• Retail sales fell 1.1% in July, more than the 0.3% drop expected by consensus. The negative surprise was only partially compensated by an upward revision to the prior month’s result from +0.6% to +0.7%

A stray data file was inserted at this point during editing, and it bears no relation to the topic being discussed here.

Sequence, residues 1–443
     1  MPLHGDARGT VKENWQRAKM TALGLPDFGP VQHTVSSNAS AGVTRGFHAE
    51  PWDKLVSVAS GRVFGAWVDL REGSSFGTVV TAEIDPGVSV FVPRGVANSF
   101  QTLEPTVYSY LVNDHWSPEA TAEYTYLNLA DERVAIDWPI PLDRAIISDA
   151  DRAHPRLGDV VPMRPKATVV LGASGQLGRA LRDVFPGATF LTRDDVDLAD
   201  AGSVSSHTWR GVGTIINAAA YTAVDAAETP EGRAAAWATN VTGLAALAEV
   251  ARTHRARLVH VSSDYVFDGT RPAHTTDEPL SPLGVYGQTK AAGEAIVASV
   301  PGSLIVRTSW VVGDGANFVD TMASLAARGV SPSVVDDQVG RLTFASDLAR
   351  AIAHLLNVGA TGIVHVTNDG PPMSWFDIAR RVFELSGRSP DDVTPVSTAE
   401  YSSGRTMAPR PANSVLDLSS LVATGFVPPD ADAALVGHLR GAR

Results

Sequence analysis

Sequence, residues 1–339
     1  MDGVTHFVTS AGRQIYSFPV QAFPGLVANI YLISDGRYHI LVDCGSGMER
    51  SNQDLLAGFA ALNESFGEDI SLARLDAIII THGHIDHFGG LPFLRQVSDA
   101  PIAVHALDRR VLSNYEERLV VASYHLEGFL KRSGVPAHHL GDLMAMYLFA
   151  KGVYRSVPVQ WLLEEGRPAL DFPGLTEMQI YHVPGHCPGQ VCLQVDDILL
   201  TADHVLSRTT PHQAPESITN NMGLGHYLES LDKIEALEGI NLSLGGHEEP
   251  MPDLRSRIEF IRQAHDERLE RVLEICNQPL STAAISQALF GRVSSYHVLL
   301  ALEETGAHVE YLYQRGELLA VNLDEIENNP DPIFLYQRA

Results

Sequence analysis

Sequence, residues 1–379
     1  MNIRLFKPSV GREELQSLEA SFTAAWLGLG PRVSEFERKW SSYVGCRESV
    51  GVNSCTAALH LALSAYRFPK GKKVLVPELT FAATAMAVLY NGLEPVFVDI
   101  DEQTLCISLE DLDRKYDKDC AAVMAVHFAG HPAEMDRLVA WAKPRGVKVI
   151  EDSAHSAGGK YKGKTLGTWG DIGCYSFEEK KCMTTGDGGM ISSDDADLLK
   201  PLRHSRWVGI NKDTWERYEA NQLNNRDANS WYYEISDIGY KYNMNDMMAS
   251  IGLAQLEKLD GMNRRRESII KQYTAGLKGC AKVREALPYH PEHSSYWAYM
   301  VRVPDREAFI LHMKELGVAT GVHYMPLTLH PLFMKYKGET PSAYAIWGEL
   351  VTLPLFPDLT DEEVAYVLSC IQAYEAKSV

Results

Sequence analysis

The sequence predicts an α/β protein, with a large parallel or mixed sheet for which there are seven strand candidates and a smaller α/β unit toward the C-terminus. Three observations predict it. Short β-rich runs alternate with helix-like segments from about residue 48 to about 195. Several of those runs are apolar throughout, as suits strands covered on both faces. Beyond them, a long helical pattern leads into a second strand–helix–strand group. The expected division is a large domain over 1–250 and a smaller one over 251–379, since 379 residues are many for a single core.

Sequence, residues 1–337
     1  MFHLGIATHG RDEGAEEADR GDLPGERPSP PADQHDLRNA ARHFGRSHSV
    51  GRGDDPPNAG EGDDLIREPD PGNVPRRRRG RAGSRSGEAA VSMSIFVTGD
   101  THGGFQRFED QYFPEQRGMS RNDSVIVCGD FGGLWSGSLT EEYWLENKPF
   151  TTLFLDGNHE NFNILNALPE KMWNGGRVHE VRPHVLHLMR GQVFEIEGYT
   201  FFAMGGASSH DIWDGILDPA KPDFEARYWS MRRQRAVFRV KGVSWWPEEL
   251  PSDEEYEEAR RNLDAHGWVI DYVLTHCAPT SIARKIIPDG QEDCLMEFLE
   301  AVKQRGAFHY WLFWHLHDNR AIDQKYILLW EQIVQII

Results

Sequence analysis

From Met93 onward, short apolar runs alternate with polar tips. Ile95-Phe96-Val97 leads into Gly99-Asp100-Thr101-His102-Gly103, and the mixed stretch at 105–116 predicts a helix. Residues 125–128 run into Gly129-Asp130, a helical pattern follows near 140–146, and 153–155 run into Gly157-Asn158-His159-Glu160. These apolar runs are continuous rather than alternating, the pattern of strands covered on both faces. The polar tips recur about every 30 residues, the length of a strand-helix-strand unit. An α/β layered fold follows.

• The employment report for July and healthy revisions to prior months marked a strong step toward the Fed’s desire for “substantial further progress,” before it starts tapering its asset purchases. That said, the report is somewhat backward looking. Cases have risen rapidly since the survey week in mid-July. The level of reported new cases now stands above the spring and summer waves of 2020 and is roughly on par with November 2020 before the pandemic’s winter peak in the United States. Thus far, visits to retail and recreation locations and seated diners at restaurants have rolled over only modestly, reflecting a further delay in the return to normal rather than a drop in activity. While Fed officials will certainly be pleased with this strong report and the lack of a clear reversal in activity measures, they are expected to wait and see if progress can be sustained and if constraints boil down to short-term frictions or longer-lasting damage before kicking off tapering